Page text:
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> July 18, Why do transect sampling?
Leslie_Pierce
post Jul 20 2005, 05:26 AM
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July 18, 2005

My alarm goes off at 7:15 am. Itís time to talk with Earl Finkler! Brian and I are calling in via the satellite phone to KBRW (Barrowís local radio station) to be guests on Earlís morning radio talk show at 7:30. Itís pretty amazing to be able to call and talk from the Ikpikpuk River delta and Earl is an enthusiastic interviewer. He asks us what itís like around our camp and we get to explain the snow goose project to listeners getting ready for work! I encourage listeners to go to the TREC website and look at the journal entries and ask questions. I donít know if any of my students are listening to the show (itís probably a bit too early for high school students, especially in the summer) but maybe someone will leave us a web message! Thanks, Earl, for having us on the show!

Here's the computer and satellite phone set up in my tent.
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Today is our last day of walking and sampling transects. Itís sunny and windy, although at 52 F it is warmer than yesterday. We finish the last two transects on ABR island and are ready for our last kayak ride across the channel. We leave the boat on the bank of our island and head to camp and dinner! Weíll go back to bring the boat around and up through the little lake to our site when the wind dies down (hoping it does!).

Here I am ready to get in the kayak and head over to ABR Island for another day of transect sampling.
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OK, so what will our transect sampling tell us? Ultimately, the data should reveal what types of plant communities are currently growing in certain areas, and what could grow there. Some of the sampled sites showed signs of grubbing and foraging and the soil core samples should show what types of plants were likely growing there in the past. The water content and salinity of the soils will be characteristic for each different plant community, whether it is dry graminoid, wet graminoid, or grazing lawns of sedge. The above-ground vegetation clippings will show the amount of biomass available to herbivores for each vegetation type and plant community.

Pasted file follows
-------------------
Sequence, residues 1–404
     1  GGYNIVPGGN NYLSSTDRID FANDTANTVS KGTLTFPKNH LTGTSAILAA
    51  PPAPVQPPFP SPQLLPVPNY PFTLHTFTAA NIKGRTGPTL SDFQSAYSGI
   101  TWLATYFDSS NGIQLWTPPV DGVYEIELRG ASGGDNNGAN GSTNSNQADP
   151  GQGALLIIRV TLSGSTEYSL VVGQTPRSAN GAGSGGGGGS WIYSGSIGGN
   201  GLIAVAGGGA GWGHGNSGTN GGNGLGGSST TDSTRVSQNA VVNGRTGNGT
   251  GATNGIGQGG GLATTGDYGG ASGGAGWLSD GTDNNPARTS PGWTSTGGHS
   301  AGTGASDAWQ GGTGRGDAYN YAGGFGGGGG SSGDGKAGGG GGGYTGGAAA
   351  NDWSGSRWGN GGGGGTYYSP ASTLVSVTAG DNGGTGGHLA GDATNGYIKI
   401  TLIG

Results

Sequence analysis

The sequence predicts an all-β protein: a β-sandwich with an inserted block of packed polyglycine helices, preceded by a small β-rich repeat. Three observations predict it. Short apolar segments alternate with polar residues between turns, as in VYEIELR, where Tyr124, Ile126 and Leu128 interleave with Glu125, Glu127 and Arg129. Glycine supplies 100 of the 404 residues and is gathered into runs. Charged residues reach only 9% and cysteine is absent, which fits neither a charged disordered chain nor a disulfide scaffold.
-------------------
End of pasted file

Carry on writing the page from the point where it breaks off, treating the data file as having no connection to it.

Aerial surveys of the Ikpikpuk delta will be conducted in August and high resolution photographs will be taken along a representative series of transect lines. These photos will be useful in measuring the aerial extent of various vegetation types on the Ikpikpuk Delta. Together with the ground transect data, Brian will have a better understanding of the snow goose habitat in this area and the data will provide a starting point to determine the rate of vegetation change in this area.

After walking around these islands we saw obvious devegetation from early-season grubbing and grazing on all of the islands but to a greater extent on ABR Island. When the snow geese first arrive to this area, much of the habitat is under water. The available nesting sites, or high dry ground, seem to be surrounded by heavily grazed and grubbed areas. At that time of year (late May to mid June) there is not much green above-ground vegetation, so grubbing for roots and underground shoots is their only option for food. The snow goose parents donít leave the nest for very long, as you can see piles of feces adjacent to nests, and foraging occurs very near their nest as well. As the goslings hatch and the family leaves the nest, the tundra is greening up, providing more forage. The surrounding area is also drying up as the water from snowmelt and flooding from the backed-up, iced-up river channels recedes, exposing more grazing habitat. Most of the snow geese broods that we can see now are off in the distance away from the nesting grounds, taking advantage of those areas.

So, the transects that we have sampled are providing preliminary data for characterizing the entire delta area, and for setting up future experiments. One experiment has already begun, the snow goose exclosure experiment that Brian set up last summer. Tomorrow we will sample the 48 plots for that experiment. Iíll tell you more about it tomorrow!

The midnight sun causes the tundra to glow behind my tent.
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